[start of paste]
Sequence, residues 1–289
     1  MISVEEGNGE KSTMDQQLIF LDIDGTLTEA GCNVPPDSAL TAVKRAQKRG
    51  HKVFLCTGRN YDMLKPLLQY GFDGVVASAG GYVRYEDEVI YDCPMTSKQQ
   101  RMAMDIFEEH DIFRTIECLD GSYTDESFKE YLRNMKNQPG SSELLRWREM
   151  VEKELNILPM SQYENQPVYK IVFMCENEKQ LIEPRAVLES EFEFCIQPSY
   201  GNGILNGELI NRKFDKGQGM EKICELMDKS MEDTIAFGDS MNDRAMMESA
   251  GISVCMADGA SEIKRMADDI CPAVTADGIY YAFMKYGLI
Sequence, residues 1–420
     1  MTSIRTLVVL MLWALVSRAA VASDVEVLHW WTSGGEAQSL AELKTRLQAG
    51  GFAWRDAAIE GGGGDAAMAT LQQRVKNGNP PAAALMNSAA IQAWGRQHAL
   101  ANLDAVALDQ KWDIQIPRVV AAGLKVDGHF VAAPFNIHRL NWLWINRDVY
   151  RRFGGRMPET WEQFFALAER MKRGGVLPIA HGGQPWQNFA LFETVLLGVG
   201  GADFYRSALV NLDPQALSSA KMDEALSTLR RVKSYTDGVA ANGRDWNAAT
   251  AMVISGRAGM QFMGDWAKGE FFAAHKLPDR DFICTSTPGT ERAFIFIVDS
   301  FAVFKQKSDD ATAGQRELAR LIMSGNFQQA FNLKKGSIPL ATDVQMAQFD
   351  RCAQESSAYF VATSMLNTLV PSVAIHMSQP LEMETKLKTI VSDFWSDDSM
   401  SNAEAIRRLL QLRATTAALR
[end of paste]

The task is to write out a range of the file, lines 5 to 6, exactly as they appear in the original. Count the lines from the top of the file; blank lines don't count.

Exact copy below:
   151  VEKELNILPM SQYENQPVYK IVFMCENEKQ LIEPRAVLES EFEFCIQPSY
   201  GNGILNGELI NRKFDKGQGM EKICELMDKS MEDTIAFGDS MNDRAMMESA